Leyland Cypress Specialists

Onebark is a diagnostic specialist of Leyland Cypress problems in Georgia

It is difficult to diagnose Leyland cypress problems since many symptoms can be quite similar across a wide range of pathology. Many people go from arborist to arborist without ever receiving a proper diagnosis.

Here are some things you can do so that we can help you:

Leyland cypress tree arborist onebark
  • Keep a record of symptoms - keep track of your symptoms, when they began, and how they progressed. Take photos.
  • Keep a record of treatments - document what treatments you have tried and who prescribed them.  Even if you were simply given some advice, keep track of it.
  • Keep a record of watering practices - if you have an irrigation system or you hand-water your trees, be aware of frequency and value of water so your Arborist diagnostician can evaluate the soil conditions properly. 

Getting a proper diagnosis is easy.  

Dive Deeper

Here is a list of common Leyland Cypress problems around Atlanta:

  • Botryosphaeria canker
  • Seiridium canker
  • Cercospora
  • Passalora blight
  • Phytopthera cinnimoni
  • Mite damage
  • Bagworms
  • Salt damage

Botryosphaeria and Seiridium are diseases that live out the damaging portion of their life cycle within the woody tissues of the plant.  The tissues around the infected area will die and the twig, branch, or stem will turn a color other than green.  Usually the needles will begin to yellow, then quickly become reddish brown or tan.  Sometimes large portions of the tree are affected.  Your diagnostic arborist can make further recommendations about the survivability of a Leyland infected with Seiridium or Botryosphaeria.

Cercospora is mentioned here because there is an enormous amount of older published information about the disease on Leyland, Junipers, and other needled evergreens.  The disease is currently known as Passalora blight and should be referred to as such.   See below.  It is not clear as to whether Cercospora is actually a significant problem on Leyland cypress; at the least, it appears that it is not one that requires management.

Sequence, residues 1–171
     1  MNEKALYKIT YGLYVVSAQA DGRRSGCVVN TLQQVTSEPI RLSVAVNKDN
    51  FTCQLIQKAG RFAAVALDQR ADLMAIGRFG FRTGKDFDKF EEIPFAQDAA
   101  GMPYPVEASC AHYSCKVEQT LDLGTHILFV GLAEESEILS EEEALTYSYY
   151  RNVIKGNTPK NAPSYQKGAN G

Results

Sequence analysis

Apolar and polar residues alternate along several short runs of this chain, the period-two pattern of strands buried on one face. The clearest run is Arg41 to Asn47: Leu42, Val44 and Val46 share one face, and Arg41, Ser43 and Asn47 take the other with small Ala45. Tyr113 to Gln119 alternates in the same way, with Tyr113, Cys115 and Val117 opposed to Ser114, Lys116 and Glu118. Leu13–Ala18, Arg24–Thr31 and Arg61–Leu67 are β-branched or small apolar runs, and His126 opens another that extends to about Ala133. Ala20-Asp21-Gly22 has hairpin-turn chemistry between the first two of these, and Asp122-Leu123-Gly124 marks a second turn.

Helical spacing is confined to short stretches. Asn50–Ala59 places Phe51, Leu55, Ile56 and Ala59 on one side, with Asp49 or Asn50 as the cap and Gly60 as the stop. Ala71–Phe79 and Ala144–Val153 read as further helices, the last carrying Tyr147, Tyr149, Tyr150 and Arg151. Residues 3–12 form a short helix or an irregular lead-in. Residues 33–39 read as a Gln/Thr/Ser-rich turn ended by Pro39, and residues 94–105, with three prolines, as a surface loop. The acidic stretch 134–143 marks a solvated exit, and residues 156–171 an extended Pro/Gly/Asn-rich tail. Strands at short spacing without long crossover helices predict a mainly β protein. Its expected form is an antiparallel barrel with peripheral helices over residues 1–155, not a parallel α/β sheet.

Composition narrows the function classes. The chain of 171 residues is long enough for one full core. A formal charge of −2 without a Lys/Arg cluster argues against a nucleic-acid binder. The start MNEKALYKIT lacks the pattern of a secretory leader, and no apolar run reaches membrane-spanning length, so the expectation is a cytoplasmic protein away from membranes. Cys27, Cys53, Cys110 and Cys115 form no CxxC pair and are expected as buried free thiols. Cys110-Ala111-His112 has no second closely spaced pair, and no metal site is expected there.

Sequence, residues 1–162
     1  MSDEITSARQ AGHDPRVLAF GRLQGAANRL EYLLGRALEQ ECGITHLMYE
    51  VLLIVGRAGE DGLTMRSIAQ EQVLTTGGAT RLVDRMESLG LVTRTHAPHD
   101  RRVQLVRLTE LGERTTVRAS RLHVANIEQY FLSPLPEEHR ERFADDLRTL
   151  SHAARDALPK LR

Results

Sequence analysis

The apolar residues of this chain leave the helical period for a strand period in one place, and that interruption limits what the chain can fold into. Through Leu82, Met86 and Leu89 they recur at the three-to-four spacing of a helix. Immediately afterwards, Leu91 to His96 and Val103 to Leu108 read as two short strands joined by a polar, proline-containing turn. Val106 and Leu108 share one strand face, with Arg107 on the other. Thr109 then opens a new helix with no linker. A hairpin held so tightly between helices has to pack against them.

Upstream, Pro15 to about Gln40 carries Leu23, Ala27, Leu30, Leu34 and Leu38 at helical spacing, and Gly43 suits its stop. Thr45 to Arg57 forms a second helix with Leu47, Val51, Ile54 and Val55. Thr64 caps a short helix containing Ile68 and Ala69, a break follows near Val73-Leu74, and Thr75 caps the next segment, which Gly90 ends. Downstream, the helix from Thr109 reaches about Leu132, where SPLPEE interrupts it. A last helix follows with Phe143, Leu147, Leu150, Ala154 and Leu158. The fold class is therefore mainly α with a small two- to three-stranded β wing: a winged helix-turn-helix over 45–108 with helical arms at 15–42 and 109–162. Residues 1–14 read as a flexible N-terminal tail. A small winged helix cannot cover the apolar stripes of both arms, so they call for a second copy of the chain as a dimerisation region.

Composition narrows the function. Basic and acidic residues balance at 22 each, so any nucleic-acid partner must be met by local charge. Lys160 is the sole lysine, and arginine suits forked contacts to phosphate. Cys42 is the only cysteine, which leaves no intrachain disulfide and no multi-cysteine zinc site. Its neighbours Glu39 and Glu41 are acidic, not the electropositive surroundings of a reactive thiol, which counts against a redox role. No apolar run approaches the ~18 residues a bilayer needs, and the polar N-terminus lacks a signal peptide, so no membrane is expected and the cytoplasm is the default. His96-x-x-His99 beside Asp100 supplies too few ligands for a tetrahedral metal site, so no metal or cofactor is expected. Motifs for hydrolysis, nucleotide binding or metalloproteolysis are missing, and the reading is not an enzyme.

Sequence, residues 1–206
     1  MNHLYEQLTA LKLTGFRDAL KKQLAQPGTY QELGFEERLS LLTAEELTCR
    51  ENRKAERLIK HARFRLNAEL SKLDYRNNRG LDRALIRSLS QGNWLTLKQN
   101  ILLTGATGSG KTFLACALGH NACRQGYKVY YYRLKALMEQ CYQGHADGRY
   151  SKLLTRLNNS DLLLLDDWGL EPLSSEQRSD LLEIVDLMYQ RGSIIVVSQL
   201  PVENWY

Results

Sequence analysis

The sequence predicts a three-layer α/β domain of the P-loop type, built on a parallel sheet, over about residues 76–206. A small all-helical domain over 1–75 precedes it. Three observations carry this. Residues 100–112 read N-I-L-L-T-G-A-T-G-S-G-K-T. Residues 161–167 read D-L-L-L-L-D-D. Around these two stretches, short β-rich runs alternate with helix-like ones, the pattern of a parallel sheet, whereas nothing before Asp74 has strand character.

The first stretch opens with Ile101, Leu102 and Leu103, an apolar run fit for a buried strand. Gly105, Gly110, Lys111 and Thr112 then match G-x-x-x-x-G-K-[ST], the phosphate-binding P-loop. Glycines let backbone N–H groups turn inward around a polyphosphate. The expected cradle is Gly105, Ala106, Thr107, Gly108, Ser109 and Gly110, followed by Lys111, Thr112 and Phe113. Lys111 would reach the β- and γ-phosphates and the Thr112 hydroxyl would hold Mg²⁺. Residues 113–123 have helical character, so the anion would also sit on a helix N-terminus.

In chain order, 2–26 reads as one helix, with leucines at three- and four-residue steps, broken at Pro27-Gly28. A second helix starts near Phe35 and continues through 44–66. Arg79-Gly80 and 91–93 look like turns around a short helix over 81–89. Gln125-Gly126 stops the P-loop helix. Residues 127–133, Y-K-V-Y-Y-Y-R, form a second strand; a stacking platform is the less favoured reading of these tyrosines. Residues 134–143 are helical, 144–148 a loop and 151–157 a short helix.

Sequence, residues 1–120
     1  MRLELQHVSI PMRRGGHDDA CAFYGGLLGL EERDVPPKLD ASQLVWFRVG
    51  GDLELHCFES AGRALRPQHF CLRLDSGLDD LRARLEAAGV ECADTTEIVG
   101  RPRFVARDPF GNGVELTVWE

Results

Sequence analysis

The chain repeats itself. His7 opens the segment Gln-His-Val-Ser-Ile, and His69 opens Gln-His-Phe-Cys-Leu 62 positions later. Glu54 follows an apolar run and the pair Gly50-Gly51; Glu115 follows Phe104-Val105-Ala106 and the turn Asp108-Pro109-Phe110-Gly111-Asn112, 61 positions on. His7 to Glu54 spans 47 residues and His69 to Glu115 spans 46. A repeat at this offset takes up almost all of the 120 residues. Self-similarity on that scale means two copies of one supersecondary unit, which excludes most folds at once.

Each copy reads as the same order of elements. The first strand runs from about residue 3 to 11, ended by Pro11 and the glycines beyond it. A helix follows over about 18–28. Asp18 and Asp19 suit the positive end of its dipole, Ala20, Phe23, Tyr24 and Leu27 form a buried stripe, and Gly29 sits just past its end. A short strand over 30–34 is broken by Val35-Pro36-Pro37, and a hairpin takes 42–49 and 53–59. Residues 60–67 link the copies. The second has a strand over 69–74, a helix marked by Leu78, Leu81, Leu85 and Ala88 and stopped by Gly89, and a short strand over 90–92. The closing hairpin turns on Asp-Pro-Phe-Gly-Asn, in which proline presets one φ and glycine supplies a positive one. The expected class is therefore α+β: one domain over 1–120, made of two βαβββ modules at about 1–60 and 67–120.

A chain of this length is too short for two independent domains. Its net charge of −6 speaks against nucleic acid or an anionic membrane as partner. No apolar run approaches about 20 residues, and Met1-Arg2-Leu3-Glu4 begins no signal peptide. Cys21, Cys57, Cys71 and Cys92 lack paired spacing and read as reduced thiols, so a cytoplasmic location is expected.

Passlora needle blight typically infects the interior lower foliage first, and with time spreads outwards and upwards. Branches may remain green on the ends for several seasons before dying.  The disease if usually accompanied by mass browning of interior foliage in the lower half of the canopy.   The symptoms should not be confused with normal mid-season needle drop or drought stress.  If gone untreated, the entire tree may succumb to the disease.  This could take several seasons of progressive infection and dieback.

Phytopthera cinnimoni primarily affects smaller roots on plants. The disease is most commonly associated with planted Leyland cypress and poor soil drainage. Plants with this disease may exhibit a general yellowing of the foliage and the tips of branches may loose foliage.  Phytopthera root rot is very difficult to treat efficiently.  Most often correction involves the removal of affected plants, correction of soil hydrology, and replanting with new stock.  High value trees can be treated if the problem is caught early and the drainage issues can be solved without damaging the tree.

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PO BOX 870784
Stone Mountain GA 30087
Office: 678-344-6948
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